Monday, May 17, 2004

Clayton Christensen and Disruption

by Asim Jalis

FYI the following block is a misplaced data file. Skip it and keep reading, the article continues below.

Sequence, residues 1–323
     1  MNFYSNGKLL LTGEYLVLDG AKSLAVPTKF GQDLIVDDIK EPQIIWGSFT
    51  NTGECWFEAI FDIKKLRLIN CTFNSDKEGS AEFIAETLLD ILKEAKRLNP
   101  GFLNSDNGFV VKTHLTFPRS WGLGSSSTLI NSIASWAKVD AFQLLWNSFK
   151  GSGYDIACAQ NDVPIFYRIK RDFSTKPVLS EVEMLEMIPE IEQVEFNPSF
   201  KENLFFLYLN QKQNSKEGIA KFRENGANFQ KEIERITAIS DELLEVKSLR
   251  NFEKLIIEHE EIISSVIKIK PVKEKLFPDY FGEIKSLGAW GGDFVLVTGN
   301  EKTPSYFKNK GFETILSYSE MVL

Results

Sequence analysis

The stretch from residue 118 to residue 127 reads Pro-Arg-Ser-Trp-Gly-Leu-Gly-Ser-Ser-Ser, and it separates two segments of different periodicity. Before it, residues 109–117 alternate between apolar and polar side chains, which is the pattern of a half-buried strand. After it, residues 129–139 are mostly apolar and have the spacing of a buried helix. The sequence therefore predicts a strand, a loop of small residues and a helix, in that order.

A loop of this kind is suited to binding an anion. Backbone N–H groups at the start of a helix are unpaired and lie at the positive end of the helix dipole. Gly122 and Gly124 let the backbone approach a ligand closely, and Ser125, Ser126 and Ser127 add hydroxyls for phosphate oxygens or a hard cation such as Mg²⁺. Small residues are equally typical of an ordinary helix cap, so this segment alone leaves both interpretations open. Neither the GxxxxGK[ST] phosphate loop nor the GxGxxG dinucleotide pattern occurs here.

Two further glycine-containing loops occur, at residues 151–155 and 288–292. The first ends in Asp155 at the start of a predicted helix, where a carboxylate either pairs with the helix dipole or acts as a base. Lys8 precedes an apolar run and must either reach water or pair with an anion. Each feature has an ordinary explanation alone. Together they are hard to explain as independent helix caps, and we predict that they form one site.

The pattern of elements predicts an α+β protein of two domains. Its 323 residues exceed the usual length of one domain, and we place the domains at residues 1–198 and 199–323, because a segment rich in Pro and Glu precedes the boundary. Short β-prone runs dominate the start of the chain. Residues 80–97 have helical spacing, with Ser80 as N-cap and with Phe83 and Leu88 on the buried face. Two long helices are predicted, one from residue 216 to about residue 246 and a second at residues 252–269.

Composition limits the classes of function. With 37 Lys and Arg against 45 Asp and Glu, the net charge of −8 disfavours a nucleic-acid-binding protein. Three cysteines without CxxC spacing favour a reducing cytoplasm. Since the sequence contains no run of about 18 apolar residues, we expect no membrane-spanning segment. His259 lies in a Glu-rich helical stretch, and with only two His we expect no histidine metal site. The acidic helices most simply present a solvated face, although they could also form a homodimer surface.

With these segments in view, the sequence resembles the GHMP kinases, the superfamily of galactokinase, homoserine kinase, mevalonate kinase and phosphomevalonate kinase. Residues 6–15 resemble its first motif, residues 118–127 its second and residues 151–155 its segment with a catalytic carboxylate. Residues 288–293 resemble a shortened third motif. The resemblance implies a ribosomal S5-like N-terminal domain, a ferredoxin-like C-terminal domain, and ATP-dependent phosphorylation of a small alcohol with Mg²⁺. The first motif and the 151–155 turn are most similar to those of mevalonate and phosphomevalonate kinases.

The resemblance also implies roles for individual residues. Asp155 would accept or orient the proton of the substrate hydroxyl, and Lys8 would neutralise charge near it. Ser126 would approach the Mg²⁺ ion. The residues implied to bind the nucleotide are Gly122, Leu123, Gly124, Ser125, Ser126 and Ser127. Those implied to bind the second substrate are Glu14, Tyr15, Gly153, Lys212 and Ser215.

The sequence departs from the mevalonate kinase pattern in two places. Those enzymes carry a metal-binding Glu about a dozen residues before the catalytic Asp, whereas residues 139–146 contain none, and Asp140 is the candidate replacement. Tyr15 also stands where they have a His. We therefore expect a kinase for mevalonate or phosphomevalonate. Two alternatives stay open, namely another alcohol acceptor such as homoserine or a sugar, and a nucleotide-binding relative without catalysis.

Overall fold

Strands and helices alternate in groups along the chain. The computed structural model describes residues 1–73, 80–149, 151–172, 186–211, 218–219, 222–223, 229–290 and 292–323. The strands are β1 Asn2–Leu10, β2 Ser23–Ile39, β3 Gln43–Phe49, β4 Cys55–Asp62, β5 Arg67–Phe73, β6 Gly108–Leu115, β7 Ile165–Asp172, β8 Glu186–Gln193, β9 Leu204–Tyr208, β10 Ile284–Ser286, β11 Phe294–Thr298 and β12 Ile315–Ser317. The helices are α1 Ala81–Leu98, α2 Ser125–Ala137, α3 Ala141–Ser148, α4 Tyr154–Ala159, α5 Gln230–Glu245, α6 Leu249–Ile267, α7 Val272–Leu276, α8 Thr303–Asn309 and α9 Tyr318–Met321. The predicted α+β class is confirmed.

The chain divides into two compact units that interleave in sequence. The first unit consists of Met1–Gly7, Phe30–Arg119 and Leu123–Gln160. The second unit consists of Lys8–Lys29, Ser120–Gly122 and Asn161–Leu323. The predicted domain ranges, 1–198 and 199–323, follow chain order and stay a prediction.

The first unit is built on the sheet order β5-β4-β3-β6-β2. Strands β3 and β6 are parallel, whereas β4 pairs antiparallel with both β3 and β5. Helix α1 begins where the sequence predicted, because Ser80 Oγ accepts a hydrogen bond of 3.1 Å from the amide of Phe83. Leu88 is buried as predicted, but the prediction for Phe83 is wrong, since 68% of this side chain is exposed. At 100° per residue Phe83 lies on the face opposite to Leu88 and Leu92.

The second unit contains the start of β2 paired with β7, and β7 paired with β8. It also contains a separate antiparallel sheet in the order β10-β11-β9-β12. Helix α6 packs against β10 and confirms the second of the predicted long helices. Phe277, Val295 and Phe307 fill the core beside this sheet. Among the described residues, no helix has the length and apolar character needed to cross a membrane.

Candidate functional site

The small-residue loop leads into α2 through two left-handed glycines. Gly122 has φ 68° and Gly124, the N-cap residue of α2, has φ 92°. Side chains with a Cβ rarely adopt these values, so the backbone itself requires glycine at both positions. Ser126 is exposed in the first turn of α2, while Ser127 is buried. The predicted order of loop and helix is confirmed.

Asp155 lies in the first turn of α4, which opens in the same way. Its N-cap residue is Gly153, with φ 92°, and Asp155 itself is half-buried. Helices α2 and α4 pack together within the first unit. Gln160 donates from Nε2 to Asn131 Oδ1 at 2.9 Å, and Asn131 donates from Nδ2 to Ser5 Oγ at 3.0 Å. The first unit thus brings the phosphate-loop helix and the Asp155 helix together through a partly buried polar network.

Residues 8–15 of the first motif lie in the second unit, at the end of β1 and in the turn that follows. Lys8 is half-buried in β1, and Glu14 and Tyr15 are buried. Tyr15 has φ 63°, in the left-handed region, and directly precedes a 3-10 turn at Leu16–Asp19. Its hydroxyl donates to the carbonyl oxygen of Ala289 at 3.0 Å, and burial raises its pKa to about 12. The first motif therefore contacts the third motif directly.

DISRUPTION Here is the essense of Christensen's theory of disruption: To succeed in the market target the group of customers that no one else wants. Take on the jobs that the other players run away from. Don't compete against established players because either you will lose or you will win at great cost, possibly more than you can afford. If you notice that someone else already owns the market exit gracefully. Instead of going after the attractive lucrative segment of the market go after the segment that is pathetic, unattractive, that everyone else runs away from. Over time your product will improve and you will move up-market. As you move up-market the down-market will be your beach-head from which you cannot be displaced. While you have the option to improve and move up, the players in the up-market cannot move down. First the margins are too thin to support their cost structures. Second, this market lives in their cognitive blind-spot. They will mock you and laugh at you for being pathetic enough to care about this market, and they will keep ignoring it even as they watch you mint money from it. And there is almost no deadline for you to move up. The players in the up-market can never move down to compete against you. So you can take your time to gradually inch your way up. This is hardly theoretical stuff. In fact this happens all around us, and is one of the most effective strategies to enter a new market. EXAMPLES This is a strategy that companies have used to enter seemingly sealed markets. For example, Hyundai can never go against Lexus or BMW. It would be horrendously expensive and possibly fatal if Hyundai tried. The marketing and product development expenses to compete effectively would sink the company. So instead they are forced to target the segment that does not want to pay more than $7,000 for a car. It's a pathetic and undesirable segment. So pathetic that no one else wants it. In fact the other companies are glad to give it away. Over time Hyundai will get better at the game and gradually inch up-market. Each time they steal a sliver from the bottom of Toyota's market Toyota will gladly give it away. It will free up Toyota's resources to target its Lexus segment more effectively. WHY IMMIGRANTS PROSPER This idea applies in a lot of places. For example it explains why immigrants are frequently prosperous. I'll ignore all the qualifications I should make (that this might be a false stereotype, or that there might be a selection bias: immigrants are self-selected by desire to change themselves; we'll ignore all these reasonable but distracting alternative explanations) The reason they prosper is that they take on jobs that no one else wants. And then gradually over time they move up-market. Immigrants are desperate and have no self-respect. And this is precisely what enables them to disrupt. They work as janitors or work in dangerous convenience stores that are open 24 hours. Then over time they build capital and move up-market. The up-market stores don't have the option of moving down-market. Wal-Mart is a similar story. While they can challenge K-Mart in the suburbs, K-Mart cannot take the battle to Bentonville, Arkansas, or in other tiny towns that they have captured. Linux is in a similar position today. It sucks as a desktop system compared to Windows, but it is good-enough for a lot of other applications. And while it can inch its way up into the mainstream, Microsoft is incapable of capturing its core market, the people who are addicted to free software. HOW TO CREATE A BUSINESS How can we apply this idea to create a business? The idea is that you almost have to ignore the size of the market or the cash flow that you might generate from it. Find a pathetic market that you can sustainably serve, and then hope serendipity kicks in and you will be able to grow from there.